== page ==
Jenny Morgan

Artist living and working in New York City.
UPDATE.I can finally break the news about my new representation- I am excited to be working with Driscoll Babcock Galleries! The gallery is making a big move from the upper east side and is building out a new space on 25th st in Chelsea. It’s a new world and new adventures and I thank all of my friends and colleagues for the love and support along the way.Read more about gallery’s transformation in the Wall Street Journal- here is the full article:)
The Wall Street JournalAugust 10, 2012Venerable Gallery In Modern MoveBy JENNIFER MALONEYNew York’s oldest art gallery is synonymous with the staid back rooms of Midtown art dealers, where the works of Old and New World masters trade hands in quiet, carpeted surroundings.Now, Babcock Galleries is moving to Chelsea.The space at 525 W. 25th St. for Driscoll Babcock Galleries.The leap to the heart of the city’s contemporary art scene—a neighborhood with a markedly different aesthetic than Midtown—marks a new era for Babcock. The gallery, which for 160 years has specialized in American artworks, is embracing a new look, a new name and a new expansion—into contemporary and international art. It is also expanding its stable of living artists.Driscoll Babcock Galleries— renamed for its owner, John Driscoll—will open on Sept. 8 at 525 W. 25th St., on a block stacked with such galleries as Pace, Marlborough Chelsea and Nancy Margolis.The owner’s idea: to hang the work of contemporary artists side by side with historic works that explore the same themes."You can’t create this great art in a vacuum," said Mr. Driscoll, 62 years old. "Our interest is in artists who are cognizant of art of the past and recognize its pertinence in their own work today."And so he will move from galleries on Fifth Avenue near East 57th Street—decorated with imported wool carpeting and paint in shades of gray inspired by Cézanne’s Aix-en-Provence studio—to a space with concrete floors, white walls and exposed ducts.It’s quite a change for a place that has kept the same phone number since 1956, and occasionally receives calls from former clients’ great-grandchildren."Someone once said going into Babcock was like going into a white-shoe law firm," Mr. Driscoll said, acknowledging that he will be adding to his collection of edgy eyeglasses.Knoedler & Co., founded in 1846, held the title of New York’s oldest gallery until it closed last year. Babcock Galleries was founded by John Snedecor in 1852—18 years before the founding of the Metropolitan Museum of Art—on Broadway near East Eighth Street. From the beginning, it sought out the works of American masters—the likes of George Inness, John Frederick Kensett, Winslow Homer, Mary Cassatt and Childe Hassam.Snedecor’s Gallery gradually zigzagged uptown, and was renamed Babcock Galleries in 1918.Works that today hang in the Met, the Brooklyn Museum and the National Gallery of Art, among others were sourced by Babcock.Mr. Driscoll bought the gallery in 1987. Although he followed its tradition of acquiring and sourcing American art, his personal interests are much broader. His own collection includes English, Japanese and Danish art, as well as 20th-century ceramics.He had been mulling a move downtown for about seven years. He said he jumped at the chance to lease 4,700 square feet—with the possibility of 2,000 more—in a building owned by Related Co.The gallery owns an unusually large inventory, numbering in the thousands of pieces. Although it has mounted shows and represents estates, it has had only a small stable of living artists. Mr. Driscoll recently signed the Brooklyn painters Jenny Morgan and Margaret Bowland, and said he is in discussions with other artists in the U.S., China and Europe. He will continue his back-office business sourcing works for private collections and museums.Mr. Driscoll will be presenting a distinctly historic perspective in a neighborhood known for cutting-edge art.David Maupin, of Lehmann Maupin Gallery in Chelsea, said the idea is compelling."I think juxtapositions of different periods in our history are always interesting, as long as they are done well," he said. "I look forward to seeing it."Jenny Morgan, a figurative painter, said she left Like the Spice Gallery in Brooklyn to sign with Mr. Driscoll last month."There’s a lot of knowledge and experience behind him," she said. "It’s really exciting."Ms. Morgan, who said she draws inspiration from the masters and as well as contemporary portrait painters, said of her decision to join the new venture: “Honestly, it was just instinct. It felt correct.”Walking through his new space, which is still under renovation, Mr. Driscoll described a glass wall that will enclose the gallery’s archives, which go back 150 years.The design for the main gallery includes LED lights and a metal mesh ceiling, only partially obscuring the “spaghetti” of pipes and ducts above, he said.And he will keep the phone number from 1956. “Every time that number lights up, we know it’s a phone call from another dimension,” he said.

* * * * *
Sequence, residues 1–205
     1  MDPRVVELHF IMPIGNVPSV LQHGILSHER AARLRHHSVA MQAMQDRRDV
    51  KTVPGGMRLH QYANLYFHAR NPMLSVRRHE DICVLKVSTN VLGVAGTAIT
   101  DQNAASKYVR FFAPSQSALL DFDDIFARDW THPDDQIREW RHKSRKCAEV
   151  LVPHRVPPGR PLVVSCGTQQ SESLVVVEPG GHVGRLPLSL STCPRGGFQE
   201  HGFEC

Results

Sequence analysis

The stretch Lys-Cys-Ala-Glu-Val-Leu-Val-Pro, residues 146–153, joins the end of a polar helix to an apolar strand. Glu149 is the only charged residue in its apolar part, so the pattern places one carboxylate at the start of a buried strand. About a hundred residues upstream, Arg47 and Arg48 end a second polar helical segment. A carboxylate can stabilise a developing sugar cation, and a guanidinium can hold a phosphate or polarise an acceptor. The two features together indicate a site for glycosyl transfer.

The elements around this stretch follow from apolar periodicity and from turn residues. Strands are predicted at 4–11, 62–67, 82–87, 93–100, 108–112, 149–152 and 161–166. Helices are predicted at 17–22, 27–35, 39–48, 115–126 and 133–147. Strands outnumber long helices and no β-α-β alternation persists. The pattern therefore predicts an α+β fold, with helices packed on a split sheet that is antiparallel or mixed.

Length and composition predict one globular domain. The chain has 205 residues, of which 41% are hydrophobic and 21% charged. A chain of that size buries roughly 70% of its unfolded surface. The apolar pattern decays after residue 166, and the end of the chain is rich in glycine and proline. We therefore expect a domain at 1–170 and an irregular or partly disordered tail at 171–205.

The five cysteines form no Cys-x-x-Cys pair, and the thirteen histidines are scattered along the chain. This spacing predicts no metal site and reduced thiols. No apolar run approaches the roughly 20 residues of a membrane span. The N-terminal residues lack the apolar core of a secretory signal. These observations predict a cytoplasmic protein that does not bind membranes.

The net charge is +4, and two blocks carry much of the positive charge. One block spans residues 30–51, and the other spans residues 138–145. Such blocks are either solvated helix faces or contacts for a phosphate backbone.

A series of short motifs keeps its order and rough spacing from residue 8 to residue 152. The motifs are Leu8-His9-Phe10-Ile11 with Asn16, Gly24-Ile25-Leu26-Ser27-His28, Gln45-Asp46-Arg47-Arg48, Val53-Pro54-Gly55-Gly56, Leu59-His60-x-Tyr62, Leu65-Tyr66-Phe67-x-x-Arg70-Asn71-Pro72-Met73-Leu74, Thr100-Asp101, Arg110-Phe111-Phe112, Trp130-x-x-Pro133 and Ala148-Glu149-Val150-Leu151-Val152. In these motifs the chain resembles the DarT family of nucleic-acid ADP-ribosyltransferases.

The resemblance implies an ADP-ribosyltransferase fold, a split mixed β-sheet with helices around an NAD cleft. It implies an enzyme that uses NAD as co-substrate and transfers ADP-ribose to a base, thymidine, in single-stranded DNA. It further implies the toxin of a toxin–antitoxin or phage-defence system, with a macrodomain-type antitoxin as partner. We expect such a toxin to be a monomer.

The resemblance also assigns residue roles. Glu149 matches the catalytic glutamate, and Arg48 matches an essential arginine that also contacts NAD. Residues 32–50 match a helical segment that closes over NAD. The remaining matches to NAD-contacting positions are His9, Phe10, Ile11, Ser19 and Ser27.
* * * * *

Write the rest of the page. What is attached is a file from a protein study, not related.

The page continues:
image- Andrew Hinderaker for The Wall Street Journal
Gallery owner John Driscoll in what will be his new showroom.

UPDATE.